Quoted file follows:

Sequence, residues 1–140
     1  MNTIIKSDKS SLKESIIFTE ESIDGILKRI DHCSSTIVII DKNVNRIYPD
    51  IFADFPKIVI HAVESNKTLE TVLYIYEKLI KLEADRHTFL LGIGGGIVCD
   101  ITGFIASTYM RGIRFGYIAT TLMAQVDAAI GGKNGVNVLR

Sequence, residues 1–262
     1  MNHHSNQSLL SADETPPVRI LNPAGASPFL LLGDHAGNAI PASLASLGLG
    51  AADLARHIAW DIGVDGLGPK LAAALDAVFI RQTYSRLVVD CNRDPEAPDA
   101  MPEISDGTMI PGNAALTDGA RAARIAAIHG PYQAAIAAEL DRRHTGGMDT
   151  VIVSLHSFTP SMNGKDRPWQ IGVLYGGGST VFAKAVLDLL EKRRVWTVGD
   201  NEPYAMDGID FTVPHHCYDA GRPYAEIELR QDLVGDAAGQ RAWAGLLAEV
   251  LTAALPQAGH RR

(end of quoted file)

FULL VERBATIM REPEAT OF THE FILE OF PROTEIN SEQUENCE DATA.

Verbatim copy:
Sequence, residues 1–140
     1  MNTIIKSDKS SLKESIIFTE ESIDGILKRI DHCSSTIVII DKNVNRIYPD
    51  IFADFPKIVI HAVESNKTLE TVLYIYEKLI KLEADRHTFL LGIGGGIVCD
   101  ITGFIASTYM RGIRFGYIAT TLMAQVDAAI GGKNGVNVLR

Sequence, residues 1–262
     1  MNHHSNQSLL SADETPPVRI LNPAGASPFL LLGDHAGNAI PASLASLGLG
    51  AADLARHIAW DIGVDGLGPK LAAALDAVFI RQTYSRLVVD CNRDPEAPDA
   101  MPEISDGTMI PGNAALTDGA RAARIAAIHG PYQAAIAAEL DRRHTGGMDT
   151  VIVSLHSFTP SMNGKDRPWQ IGVLYGGGST VFAKAVLDLL EKRRVWTVGD
   201  NEPYAMDGID FTVPHHCYDA GRPYAEIELR QDLVGDAAGQ RAWAGLLAEV
   251  LTAALPQAGH RR